It’s not lost on observers that the fires started the week after Dylan Roof murdered nine black members of Charleston’s Emanuel AME Church because they were black and he wanted to start a race war. Church fires are an especially sensitive subject in the black community because of the wave of fires that swept black churches during the Civil Rights Movement.

    Richard Cohen,  president of the Southern Poverty Law Center, told NPR that the recent burnings of black churches throughout the South are “very, very suspicious.”

    Here is a timeline of the fires:

    June 21: Bales of hay and a church van were set afire outside of College Hill Seventh Day Adventist in Knoxville, Tennessee.  There was minor damage to the church. It is being investigated as arson but not a hate crime.

    June 23: God’s Power Church of Christ in Macon, Georgia was set afire and the doors were wired shut. It was ruled arson, but not a hate crime.

    June 24: In Charlotte, North Carolina Briar Creek Road Baptist Church was set ablaze, resulting in $250,000 worth of damage.  Cause of the fire was arson.

    June 24: Fruitland Presbyterian Church, which dates back to the 1800’s, was destroyed in a fire that officials claim was caused by a lightening strike to the roof.  The church is located in Gibson County, Tennessee.

    June 26:  Hours before Clementa Pickney, one of the nine members massacred at Emanuel AME Church was laid to rest,  Glover Grove Baptist Church in Warrenville, South Carolina burned to the ground.

    June 26: A fire caused more than $700,000 in damage to Greater Miracle Temple in Tallahassee, Florida. Officials say the blaze was caused when a tree limb fell, exposing live electrical wires.

    June 27: Early in the morning, flames engulfed College Heights Baptist Church in Elyria, Ohio. The church was destroyed.  The cause of the fire hasn’t been determined.

    In a statement to BuzzFeed, FBI spokesperson Paul Bresson says of the fires in Tennessee, South Carolina, North Carolina and Georgia, “They’re being investigated to determine who is responsible and what motives are behind them. I’m not sure there is any reason to link them together at this point.”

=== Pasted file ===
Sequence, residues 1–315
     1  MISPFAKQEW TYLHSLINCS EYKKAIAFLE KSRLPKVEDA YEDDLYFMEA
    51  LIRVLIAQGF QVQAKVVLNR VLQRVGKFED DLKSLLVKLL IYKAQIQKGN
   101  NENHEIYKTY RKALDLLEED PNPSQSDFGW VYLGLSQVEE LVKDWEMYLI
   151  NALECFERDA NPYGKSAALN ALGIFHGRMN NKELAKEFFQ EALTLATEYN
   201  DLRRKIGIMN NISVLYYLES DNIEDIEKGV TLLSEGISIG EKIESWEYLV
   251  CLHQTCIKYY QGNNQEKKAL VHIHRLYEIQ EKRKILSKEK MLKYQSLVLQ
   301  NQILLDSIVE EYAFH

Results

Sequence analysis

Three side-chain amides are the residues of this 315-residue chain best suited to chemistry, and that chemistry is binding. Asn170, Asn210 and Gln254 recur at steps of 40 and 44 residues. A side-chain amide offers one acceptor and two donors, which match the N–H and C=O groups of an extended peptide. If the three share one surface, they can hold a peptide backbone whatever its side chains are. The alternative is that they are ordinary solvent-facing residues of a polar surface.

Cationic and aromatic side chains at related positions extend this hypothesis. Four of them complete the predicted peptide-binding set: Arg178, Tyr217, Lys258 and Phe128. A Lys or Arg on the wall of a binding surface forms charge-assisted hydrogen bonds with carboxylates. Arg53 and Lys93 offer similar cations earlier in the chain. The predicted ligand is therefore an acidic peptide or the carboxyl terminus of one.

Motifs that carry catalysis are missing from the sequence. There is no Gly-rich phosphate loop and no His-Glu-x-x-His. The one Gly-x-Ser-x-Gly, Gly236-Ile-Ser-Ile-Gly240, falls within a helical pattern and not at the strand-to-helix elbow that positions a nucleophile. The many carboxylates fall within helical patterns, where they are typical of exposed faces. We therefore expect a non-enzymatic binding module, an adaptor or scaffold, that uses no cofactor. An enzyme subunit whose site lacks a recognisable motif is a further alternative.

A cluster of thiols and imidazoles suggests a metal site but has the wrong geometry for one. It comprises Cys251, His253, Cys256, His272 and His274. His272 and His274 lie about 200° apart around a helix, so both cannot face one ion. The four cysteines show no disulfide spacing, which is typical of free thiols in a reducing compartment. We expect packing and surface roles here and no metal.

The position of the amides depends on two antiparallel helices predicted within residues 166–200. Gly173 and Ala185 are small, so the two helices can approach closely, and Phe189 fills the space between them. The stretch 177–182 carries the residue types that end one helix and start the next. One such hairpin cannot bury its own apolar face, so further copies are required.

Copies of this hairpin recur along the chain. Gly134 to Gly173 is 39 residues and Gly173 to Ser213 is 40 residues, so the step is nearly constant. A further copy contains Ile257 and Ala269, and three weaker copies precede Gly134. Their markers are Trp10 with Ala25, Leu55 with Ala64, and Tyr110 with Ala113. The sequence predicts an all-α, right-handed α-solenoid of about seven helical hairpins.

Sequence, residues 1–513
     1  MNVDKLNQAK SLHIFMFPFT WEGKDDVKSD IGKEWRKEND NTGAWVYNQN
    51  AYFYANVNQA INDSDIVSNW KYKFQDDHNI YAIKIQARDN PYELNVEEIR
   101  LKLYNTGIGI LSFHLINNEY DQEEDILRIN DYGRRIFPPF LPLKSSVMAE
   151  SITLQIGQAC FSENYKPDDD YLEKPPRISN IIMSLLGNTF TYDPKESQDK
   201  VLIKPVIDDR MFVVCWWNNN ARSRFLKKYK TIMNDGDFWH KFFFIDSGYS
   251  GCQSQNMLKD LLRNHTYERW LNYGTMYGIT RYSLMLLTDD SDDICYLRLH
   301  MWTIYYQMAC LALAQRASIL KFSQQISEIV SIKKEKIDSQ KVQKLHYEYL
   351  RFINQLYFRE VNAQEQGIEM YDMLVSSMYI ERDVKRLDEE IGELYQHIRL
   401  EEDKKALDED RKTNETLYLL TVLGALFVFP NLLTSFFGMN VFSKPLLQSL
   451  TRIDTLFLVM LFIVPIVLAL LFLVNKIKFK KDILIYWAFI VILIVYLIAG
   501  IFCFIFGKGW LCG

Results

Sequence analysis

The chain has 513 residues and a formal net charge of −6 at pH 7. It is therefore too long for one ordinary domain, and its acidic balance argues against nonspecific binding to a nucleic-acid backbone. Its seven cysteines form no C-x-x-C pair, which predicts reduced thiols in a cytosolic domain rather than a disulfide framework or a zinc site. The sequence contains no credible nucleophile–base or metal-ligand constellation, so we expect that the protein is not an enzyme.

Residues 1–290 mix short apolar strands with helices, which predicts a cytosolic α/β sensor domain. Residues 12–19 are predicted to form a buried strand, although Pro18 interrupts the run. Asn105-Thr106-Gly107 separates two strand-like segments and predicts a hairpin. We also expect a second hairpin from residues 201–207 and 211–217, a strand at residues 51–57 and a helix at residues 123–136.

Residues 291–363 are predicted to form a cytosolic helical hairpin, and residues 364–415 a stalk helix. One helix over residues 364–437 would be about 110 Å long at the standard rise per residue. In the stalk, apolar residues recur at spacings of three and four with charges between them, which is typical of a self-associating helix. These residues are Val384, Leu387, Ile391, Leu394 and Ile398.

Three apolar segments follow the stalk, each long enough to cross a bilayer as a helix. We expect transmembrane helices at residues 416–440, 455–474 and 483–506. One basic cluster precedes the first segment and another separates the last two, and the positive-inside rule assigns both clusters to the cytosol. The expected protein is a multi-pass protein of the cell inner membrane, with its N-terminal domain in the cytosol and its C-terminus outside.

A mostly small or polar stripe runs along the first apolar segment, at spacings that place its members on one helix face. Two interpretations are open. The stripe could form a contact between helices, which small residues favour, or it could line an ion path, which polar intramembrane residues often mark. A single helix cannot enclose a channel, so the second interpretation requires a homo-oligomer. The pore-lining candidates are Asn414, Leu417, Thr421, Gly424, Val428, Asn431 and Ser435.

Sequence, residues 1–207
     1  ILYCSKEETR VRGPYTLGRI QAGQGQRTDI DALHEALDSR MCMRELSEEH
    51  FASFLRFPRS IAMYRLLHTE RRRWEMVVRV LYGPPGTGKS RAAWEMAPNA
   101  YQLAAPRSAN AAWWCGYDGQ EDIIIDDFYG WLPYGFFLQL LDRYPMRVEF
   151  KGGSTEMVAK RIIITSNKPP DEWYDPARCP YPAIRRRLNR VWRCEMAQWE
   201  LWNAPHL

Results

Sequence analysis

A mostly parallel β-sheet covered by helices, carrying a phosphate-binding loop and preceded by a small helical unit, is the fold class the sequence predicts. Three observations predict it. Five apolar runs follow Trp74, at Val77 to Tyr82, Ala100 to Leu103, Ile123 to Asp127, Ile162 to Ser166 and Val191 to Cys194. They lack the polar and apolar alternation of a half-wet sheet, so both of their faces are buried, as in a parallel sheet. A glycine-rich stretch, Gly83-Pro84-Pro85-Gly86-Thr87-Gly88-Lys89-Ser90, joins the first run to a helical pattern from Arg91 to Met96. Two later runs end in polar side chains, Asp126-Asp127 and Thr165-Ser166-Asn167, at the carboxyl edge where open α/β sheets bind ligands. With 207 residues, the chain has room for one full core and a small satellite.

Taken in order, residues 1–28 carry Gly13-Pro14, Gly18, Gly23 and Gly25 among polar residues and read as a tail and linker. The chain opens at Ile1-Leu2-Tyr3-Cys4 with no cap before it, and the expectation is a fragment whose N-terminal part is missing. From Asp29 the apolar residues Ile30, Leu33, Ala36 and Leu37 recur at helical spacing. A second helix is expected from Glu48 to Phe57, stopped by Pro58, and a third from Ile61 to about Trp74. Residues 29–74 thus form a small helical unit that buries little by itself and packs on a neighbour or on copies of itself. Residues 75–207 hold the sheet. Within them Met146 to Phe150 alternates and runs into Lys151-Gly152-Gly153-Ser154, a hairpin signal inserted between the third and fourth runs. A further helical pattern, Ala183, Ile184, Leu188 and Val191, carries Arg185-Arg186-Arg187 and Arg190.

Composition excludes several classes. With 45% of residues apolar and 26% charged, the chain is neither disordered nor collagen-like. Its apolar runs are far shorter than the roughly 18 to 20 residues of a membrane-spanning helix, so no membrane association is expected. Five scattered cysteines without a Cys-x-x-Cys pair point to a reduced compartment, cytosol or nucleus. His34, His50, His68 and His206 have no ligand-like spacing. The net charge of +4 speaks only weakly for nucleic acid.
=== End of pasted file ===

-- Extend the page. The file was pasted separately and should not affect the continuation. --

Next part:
Cohen however, thinks otherwise. He adds, “It’s not unreasonable to suspect that what we’re seeing [now] is a backlash to the taking down of the Confederate flag, the determination of our country to face its racial problems.”


    Colby C.


    Source, Source, Source

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    nene leakes june 2015

    After seven seasons on the Real Housewives of Atlanta, NeNe Leakes is glad to be leaving the wildly popular Bravo series.  Leakes made the announcement today, calling it quits because since her contract is up, the timing feels right.

    The reality star turned actress told People, “Me and my husband [Gregg Leakes] have been going back and forth on it for weeks now. But my contract is up and I just think this is the right time. This is my opportunity to spread my wings and do different things.”

    Leakes dropped hints that those different things mean a return to television, in primetime.  She didn’t drop names, only revealing that she’s starring alongside a ‘big legend’ in a series that begins filming this week. Watch What Happens Live host Andy Cohen tweeted his well wishes for the Georgia peach.

    As if she would ever, Leakes didn’t pass up an opportunity to throw shade at certain RHOA cast mates. “I think some of the girls will be happy,” she states. “They always felt like I was the star, and they were never able to really shine with me there, so here’s their opportunity to shine.”

    Will you miss NeNe Leakes on Real Housewives of Atlanta?

    Photo credit: Instagram

    Colby C.


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    NBC is cutting ties with Donald Trump completely.